About Saga Castle
Saga Castle is a castle in Saga City, Saga Prefecture, Japan, completed at the beginning of the Edo Period and was the seat of the Saga Clan, now located in the center of Saga City. In the early Meiji period, the Saga Rebellion broke out, which led to the burning of the central portion of the castle, and the remaining portion of the castle became an important cultural property in Japan.
Saga Castle was built in 1602 as a Wakaku-Tegaku composite flat castle with multiple outer walls, and when the castle was attacked by an enemy, the rest of the castle, except for the main part of the castle, would be submerged, which is why it is called “Sinking Castle”. During the Saga Rebellion in the Meiji Era, most of the castle buildings were burned down, but only the gate and the yagura have survived, and are now cultural properties of Japan. Saga Castle has experienced many fires, especially in 1726, when most of the buildings underneath Tensho were burned down, and in 1728, when Ninomaru was built and the center of the feudal government was moved to Ninomaru, it was burned down in 1835 (the 6th year of the Tenpo Period) and the feudal government was moved to Honmaru, but Tensho was never rebuilt after the Shiho Fire. The existing gate and the renewed yagura gate were built in 1838.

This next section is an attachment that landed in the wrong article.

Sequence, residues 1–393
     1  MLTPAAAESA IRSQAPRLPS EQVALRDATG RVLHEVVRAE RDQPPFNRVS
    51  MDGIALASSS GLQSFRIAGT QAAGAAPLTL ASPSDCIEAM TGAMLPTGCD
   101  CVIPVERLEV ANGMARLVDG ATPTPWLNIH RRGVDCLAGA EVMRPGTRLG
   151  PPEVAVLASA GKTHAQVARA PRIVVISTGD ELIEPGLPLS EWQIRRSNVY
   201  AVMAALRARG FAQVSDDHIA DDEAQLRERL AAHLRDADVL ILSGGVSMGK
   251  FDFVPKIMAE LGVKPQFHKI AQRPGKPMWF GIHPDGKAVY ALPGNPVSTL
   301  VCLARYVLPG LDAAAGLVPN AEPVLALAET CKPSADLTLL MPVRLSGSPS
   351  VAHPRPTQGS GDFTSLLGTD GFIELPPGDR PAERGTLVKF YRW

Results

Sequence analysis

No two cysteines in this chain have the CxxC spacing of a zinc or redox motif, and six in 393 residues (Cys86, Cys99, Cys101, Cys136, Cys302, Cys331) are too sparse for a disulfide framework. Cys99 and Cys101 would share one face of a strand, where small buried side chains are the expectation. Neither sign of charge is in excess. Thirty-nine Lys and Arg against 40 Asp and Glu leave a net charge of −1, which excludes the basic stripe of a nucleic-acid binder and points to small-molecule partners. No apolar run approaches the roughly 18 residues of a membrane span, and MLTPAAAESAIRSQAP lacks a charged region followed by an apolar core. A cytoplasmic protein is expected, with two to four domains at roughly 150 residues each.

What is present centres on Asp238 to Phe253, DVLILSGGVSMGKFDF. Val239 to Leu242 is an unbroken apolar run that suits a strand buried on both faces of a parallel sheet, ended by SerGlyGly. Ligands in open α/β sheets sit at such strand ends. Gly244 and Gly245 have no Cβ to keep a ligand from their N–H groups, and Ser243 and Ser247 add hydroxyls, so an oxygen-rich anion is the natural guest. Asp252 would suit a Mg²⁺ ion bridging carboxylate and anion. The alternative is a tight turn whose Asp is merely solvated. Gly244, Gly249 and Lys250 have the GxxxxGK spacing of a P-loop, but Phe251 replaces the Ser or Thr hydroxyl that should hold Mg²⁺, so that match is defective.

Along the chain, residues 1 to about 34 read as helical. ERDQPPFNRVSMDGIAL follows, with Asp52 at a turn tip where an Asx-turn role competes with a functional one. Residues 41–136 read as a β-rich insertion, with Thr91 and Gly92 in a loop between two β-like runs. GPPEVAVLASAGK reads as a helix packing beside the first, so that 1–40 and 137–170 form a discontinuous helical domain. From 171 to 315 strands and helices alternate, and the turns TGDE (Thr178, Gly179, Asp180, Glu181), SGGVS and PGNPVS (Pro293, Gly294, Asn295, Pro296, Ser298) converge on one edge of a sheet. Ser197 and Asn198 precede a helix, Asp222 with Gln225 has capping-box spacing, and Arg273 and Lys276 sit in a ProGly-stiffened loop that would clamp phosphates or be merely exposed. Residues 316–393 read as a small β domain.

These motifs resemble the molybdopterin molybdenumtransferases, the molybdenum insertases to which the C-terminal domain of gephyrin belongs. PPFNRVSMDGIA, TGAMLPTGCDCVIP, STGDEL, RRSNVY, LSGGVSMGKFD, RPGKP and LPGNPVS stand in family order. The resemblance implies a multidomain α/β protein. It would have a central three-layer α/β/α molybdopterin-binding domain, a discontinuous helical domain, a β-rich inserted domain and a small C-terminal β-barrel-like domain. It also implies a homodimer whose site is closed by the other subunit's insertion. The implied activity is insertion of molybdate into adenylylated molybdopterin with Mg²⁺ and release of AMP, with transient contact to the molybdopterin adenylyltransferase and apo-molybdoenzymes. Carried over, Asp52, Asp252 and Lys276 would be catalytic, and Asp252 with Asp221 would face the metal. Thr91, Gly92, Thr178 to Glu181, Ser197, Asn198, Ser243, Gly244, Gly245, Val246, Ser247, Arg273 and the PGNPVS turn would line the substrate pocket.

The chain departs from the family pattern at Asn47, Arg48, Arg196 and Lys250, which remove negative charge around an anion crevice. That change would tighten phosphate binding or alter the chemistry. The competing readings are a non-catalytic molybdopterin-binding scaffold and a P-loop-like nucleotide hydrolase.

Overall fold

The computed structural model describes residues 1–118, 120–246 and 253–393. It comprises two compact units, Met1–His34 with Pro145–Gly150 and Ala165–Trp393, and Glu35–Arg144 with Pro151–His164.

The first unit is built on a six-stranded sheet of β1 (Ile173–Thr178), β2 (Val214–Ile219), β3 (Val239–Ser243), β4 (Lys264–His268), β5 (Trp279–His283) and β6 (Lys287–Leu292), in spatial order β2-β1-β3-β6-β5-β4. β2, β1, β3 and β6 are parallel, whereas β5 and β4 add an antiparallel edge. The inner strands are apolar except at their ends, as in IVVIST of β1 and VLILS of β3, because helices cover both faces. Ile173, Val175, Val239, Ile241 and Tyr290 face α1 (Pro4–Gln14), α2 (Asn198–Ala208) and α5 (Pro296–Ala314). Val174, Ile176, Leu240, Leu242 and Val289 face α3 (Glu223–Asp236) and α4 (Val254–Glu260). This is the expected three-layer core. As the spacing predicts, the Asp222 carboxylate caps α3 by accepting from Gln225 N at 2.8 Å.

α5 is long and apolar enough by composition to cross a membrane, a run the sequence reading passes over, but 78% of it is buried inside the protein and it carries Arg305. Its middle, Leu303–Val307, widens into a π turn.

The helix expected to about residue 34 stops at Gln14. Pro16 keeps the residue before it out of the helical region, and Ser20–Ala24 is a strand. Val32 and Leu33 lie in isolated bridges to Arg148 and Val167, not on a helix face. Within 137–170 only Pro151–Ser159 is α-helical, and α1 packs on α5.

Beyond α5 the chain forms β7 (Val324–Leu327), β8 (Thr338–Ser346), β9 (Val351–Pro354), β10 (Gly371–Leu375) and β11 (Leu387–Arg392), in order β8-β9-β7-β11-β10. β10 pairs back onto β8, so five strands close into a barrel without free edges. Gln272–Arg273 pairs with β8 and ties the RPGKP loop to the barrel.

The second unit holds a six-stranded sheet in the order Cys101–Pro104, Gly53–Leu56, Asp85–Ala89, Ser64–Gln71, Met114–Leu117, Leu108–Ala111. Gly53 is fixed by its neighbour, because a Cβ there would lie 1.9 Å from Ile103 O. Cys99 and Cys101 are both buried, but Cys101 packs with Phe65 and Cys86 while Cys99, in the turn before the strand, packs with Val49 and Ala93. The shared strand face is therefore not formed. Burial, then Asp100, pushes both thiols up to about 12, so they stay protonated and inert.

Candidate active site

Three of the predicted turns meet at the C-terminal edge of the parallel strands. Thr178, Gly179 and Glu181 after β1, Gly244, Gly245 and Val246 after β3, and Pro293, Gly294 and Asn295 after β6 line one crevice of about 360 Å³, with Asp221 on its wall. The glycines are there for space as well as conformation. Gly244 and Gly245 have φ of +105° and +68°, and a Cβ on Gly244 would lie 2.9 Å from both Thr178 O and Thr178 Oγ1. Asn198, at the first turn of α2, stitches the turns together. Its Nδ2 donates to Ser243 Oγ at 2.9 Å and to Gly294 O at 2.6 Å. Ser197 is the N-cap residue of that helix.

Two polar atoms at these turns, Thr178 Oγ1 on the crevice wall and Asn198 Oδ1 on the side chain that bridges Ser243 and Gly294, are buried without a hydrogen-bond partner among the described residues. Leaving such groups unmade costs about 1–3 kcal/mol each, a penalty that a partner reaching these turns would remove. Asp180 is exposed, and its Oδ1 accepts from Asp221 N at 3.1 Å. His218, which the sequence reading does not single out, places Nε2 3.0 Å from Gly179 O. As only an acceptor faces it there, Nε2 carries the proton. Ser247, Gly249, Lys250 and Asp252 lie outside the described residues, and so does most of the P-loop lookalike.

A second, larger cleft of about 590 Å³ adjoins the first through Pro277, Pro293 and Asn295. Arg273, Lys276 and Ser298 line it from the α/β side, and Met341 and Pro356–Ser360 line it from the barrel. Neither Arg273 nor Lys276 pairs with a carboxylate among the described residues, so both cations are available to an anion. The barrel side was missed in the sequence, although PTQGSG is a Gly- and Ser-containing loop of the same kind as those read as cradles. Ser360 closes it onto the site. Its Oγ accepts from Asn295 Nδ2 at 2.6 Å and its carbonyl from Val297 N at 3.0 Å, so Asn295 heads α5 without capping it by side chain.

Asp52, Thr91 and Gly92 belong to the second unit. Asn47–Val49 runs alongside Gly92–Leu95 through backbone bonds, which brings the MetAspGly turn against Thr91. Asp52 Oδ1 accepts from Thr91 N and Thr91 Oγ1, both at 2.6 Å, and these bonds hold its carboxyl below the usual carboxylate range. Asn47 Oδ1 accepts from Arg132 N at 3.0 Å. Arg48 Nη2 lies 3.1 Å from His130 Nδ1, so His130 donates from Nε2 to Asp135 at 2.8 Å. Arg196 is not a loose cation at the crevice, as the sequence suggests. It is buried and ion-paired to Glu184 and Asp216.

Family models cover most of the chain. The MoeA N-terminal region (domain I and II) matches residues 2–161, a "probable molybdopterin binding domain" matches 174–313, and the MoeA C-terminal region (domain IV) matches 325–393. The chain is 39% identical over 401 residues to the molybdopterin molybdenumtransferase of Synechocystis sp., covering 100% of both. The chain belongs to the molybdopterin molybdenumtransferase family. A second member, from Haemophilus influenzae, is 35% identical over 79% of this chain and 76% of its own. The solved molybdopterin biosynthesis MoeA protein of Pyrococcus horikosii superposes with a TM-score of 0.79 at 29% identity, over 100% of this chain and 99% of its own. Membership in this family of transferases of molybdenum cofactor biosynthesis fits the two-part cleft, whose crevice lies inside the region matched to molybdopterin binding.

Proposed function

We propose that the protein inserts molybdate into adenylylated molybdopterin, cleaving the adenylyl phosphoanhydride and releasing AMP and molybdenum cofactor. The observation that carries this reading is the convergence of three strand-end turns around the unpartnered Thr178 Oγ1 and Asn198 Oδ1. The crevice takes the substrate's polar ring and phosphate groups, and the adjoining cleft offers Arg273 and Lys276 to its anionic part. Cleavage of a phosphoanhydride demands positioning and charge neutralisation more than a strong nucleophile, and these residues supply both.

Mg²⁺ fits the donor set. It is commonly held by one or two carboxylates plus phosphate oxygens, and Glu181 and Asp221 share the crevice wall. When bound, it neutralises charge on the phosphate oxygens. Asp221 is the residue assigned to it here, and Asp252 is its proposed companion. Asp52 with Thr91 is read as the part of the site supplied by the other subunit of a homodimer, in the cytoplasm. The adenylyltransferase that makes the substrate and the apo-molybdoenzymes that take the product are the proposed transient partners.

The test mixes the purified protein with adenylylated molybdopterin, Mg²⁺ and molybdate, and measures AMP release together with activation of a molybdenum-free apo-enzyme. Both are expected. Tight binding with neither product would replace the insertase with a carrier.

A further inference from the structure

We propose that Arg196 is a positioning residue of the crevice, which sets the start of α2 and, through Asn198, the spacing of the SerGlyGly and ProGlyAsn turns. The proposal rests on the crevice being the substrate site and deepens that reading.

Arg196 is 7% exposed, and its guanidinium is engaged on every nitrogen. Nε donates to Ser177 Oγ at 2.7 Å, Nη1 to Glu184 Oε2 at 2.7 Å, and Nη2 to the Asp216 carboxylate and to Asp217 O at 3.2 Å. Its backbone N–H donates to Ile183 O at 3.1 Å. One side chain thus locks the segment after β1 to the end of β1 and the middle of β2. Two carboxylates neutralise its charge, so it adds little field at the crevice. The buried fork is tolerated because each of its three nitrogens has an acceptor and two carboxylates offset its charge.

Today, the ruins of Saga Castle, along with the Prefectural Office, the Broadcasting Bureau, the Museum of Art, the Museum and School, and Saga Castle Park, are part of the center of Saga City.
How to get there
Jonai, Saga City, Saga Prefecture 840-0041 MAP
Access：10 minutes by bus from Saga Station
It was the scene of the Saga Rebellion in 1878. It reminded me of a scene from Ryotaro Shiba’s “Shobu ga Gotoku” (“The Year of the Moon”), in which the Saga Rebellion takes place.
At that time, the grievances of the samurai who had lost their stipends due to the four peoples’ equality reached their peak with the downfall of Saigo Takamori, a national hero, and others, and the momentum for the overthrow of the new government was in full swing. Prime Minister (today’s Prime Minister) Okubo Toshimichi planned to defeat the disgruntled samurai individually. The seven wise men of Saga, Eto Shimpei and Shima Yoshiyuu, tried to subdue the samurai, but they could not be subdued, and they were carried by the ringleaders and later beheaded or burned. Okubo later put down the Jinpu-ren, Akizuki, and Hagi revolts, and also won the Seinan War against his old friend Saigo, whom he had feared the most.
However, while we acknowledge Okubo’s keen eyesight and energy, we cannot help but feel that it was too cruel to behead Eto, who worked to establish the judiciary with the aim of creating a truly law-governed nation, and Shima, who was called the father of Hokkaido’s development.